How strong was pacifism in interwar Germany?

How strong was pacifism in interwar Germany?

During the rearmament of Germany operated by Hitler and especially during the remilitarization of the Rhineland, the French Republic stayed by and, in doing so, probably failed to seize the last opportunity to prevent WWII from happening. In France we frequently blame this failure on the trauma of the massacres of WWI and the strength of the pacifist movements in French society that ensued. Incidentally more than a few people tried to justify their own or other's inactivity during the German occupation of France, some their active collaboration with the occupant, with similar anti-war sentiment. The communist party before 1941, Céline, Georges Brassens among others.

My question is this: Kershaw states that the people of Germany overwhelmingly approved of the remilitarization of the Rhineland, down to the German catholic church. Why wasn't there a pacifist movement in Germany in 1936? Sure, if there had been one it would have been suppressed by the regime, but Kershaw implies that this popular reaction to the rearmament was genuine and freely expressed. Had there been one immediately after WWI which had vanished by 1936? If so why wasn't it strong enough to prevent the Nazis to come to power? In France the pacifist-lefists successfully opposed the fascist movements of the 30s. Or is pacifism only for those who win the war with revenge for the losers?

War is sweet to those who have never experienced it

(Pindar, fifth century BC)

Pacifism was pretty strong in arts and literature. Which should not be surprising given that this is the period just after WWI. Proponents were e.g. Carl von Ossietzky, Kurt Tucholsky, or Erich Maria Remarque. In the arts, there were e.g. Otto Dix, Hans Grundig, or Ernst Barlach. A counterexample might be Ernst Jünger, though I am not really familiar with his work. Note that all of these (except Jünger of course) had been silenced by 1936,

During the Weimar republic, large parts of the elites (public servants, teachers, judges etc.) were rather reactionary. Few of them had actually seen the war and so they did not have much sympathy for pacifism. That the inter-war reduction of Germany's military potential had been imposed from the outside probably did not help.

Among the masses it is of course hard to say how far support for pacifism went. The remilitarization of the Rhineland was a matter of national souvereignty and it was quite easy to argue that it was unjust that Germany could not deploy troops there. That there was popular support for this move does not mean there was popular support for waging war against other countries. Indeed, Joachim Fest (in "Hitler") argues quite strongly that the war was unpopular in 1938 (during the Sudeten crisis) and 1939.

rs.29 has pointed to organizations such as Stahlhelm, Reichsbanner, Rotfront and SA. These were what one might call the paramilitary wings of the different political parties. The Reichsbanner was associated with SPD, DDP and other democratic parties, Stahlhelm with DNVP (reactionary/militaristic), Rotfront with the Communist party and SA with the Nazis. These organizations were quite large and to a significant degree staffed by WWI veterans. Reichsbanner was the biggest of these organizations with 1.5 to three million members. The Stahlhelm had about half a million members.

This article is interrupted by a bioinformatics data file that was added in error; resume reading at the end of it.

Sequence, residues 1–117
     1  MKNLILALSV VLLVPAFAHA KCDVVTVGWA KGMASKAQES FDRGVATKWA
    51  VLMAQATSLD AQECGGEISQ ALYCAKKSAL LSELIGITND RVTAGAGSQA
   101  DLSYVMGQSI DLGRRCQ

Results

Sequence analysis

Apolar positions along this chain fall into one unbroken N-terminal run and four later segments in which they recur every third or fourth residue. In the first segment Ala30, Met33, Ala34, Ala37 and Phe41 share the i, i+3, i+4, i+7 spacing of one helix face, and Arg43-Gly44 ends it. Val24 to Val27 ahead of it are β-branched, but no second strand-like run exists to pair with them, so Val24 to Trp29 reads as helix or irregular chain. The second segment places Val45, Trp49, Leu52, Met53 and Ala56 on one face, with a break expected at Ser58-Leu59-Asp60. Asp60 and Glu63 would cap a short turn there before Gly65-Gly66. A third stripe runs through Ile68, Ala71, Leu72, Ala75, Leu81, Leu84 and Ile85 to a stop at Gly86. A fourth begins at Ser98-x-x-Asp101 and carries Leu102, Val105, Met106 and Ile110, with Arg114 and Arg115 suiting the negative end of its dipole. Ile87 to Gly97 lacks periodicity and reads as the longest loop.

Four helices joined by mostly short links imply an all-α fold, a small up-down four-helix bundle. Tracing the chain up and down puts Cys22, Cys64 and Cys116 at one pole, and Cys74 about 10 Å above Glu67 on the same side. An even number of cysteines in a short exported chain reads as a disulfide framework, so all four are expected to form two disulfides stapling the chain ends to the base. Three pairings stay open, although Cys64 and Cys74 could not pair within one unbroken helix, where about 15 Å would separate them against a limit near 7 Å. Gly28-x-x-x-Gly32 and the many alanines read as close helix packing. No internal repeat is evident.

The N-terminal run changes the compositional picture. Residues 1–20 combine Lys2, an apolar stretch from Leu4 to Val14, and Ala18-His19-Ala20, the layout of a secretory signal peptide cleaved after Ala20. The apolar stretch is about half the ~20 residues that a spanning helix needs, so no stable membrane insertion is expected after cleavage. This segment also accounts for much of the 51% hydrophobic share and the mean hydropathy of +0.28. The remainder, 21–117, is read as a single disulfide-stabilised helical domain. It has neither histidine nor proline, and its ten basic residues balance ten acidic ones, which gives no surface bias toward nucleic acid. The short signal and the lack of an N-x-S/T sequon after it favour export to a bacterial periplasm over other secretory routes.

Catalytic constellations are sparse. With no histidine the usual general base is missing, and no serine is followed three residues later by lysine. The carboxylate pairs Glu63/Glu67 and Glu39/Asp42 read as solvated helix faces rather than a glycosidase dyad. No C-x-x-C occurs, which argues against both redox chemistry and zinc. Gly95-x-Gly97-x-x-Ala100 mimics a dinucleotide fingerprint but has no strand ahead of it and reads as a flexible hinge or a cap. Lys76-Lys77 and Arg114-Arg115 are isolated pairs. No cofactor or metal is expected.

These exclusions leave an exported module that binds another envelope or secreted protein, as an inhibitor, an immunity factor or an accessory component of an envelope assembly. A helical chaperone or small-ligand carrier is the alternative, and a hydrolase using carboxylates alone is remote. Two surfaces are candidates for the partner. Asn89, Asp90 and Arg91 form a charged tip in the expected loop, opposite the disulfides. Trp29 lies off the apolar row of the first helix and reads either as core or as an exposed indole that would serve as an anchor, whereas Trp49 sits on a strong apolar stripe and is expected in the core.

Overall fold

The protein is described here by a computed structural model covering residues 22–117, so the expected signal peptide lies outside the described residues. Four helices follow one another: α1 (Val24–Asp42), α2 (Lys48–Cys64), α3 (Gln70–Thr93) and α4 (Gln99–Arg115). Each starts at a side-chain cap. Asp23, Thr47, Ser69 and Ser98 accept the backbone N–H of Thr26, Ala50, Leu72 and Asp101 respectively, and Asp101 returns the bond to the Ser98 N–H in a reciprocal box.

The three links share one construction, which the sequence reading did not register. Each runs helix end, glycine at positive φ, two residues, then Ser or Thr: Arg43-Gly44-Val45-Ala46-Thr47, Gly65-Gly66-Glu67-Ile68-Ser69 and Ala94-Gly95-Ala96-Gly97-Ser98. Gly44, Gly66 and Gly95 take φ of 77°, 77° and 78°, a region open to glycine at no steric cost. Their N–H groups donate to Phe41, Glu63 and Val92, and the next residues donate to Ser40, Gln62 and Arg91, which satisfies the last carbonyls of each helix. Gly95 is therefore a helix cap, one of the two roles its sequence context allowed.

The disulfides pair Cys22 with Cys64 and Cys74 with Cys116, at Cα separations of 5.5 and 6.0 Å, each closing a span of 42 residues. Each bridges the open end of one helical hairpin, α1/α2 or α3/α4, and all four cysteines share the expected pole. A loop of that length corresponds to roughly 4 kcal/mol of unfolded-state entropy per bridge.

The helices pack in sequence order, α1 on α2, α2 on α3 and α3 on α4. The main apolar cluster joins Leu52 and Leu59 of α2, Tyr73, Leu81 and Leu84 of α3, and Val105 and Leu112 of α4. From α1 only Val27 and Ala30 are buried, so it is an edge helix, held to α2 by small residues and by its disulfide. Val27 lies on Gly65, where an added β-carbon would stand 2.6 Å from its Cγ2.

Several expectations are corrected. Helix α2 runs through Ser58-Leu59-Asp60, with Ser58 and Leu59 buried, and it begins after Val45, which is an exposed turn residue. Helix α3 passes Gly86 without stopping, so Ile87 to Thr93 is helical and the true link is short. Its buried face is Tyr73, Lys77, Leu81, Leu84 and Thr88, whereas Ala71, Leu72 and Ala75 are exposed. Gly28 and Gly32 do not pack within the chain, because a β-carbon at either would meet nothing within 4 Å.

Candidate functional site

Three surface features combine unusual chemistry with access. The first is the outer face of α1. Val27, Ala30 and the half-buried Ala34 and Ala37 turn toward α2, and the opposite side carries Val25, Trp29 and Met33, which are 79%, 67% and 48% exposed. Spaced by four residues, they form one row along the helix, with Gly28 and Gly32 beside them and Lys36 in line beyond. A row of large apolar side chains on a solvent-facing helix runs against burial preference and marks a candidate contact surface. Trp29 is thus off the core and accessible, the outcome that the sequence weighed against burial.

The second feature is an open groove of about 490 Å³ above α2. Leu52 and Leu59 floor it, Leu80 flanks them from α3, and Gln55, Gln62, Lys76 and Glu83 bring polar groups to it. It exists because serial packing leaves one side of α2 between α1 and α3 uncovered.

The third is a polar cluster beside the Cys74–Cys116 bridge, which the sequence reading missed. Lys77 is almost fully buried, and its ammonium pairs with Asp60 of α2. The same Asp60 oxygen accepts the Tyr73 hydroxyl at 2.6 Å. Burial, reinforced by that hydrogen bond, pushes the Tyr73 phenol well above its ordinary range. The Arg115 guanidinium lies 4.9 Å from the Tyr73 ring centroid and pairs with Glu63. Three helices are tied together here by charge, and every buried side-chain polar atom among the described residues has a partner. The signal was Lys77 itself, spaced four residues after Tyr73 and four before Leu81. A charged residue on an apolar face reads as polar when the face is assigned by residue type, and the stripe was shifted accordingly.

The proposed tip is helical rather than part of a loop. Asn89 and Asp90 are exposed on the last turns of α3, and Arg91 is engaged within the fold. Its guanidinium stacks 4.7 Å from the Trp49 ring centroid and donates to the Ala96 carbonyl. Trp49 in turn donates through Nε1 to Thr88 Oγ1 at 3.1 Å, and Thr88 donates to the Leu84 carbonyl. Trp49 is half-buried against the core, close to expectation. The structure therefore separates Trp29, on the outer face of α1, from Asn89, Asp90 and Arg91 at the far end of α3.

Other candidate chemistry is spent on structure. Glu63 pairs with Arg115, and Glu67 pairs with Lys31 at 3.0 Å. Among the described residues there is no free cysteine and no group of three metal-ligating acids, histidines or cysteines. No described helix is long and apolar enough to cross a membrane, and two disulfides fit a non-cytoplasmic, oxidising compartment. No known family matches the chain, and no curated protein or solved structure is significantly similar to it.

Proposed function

I do not believe that the existence of these organizations invalidates the points I have made above.

  1. These organizations were meant to be used for internal politics. They were never supposed fight Germany's next international war.

  2. Pacifism does not mean I cannot hit you back if you hit me. The Weimar republic had lots of armed power struggles in its first years, and lots of WWI veterans. So it seems somewhat natural that parties would have paramilitary wings.

As I understand it, the question is about pacifism as the rejection of the use of military force as a means of international politics. rs.29s comments seem to be about attitudes re. the use of (para)military force as a means of internal politics.

This is not necessarily the same, see e.g. American attitudes re. use of force abroad or at home. As a counterpoint one might take Afghanistan, which last had significant troops outside its current borders in the 1820s (I think) and had lots and lots of wars in within its own borders since then (Afghanistan does have some border conflicts with Pakistan, however)

Another good point by rs.29 is that field marshal Paul von Hindenburg, one of Germany's de-facto rulers during WWI, was twice elected president of Germany. The second time there were even quite accurate predictions about the political consequences of electing Hindenburg by the communists ("Who votes for Hindenburg, votes for Hitler. Who votes for Hitler, votes for war.". Note, however, that they did not accuse Hindenburg of wanting a war.)

Hindenburg won his first presidential election against a catholic and a communist candidate and his second election against the same communist candidate and Adolf Hitler. Given that elections are decided by mixture of reasons and people do not always get what they expected, I would argue that this is no conclusive proof of Germans wanting another war.

The French also had a president over much of the 1920s who had been an active part of the wartime government, so the correlation between wanting war (or not) and the WWI career of politicians one voted for may not have been particulary strong.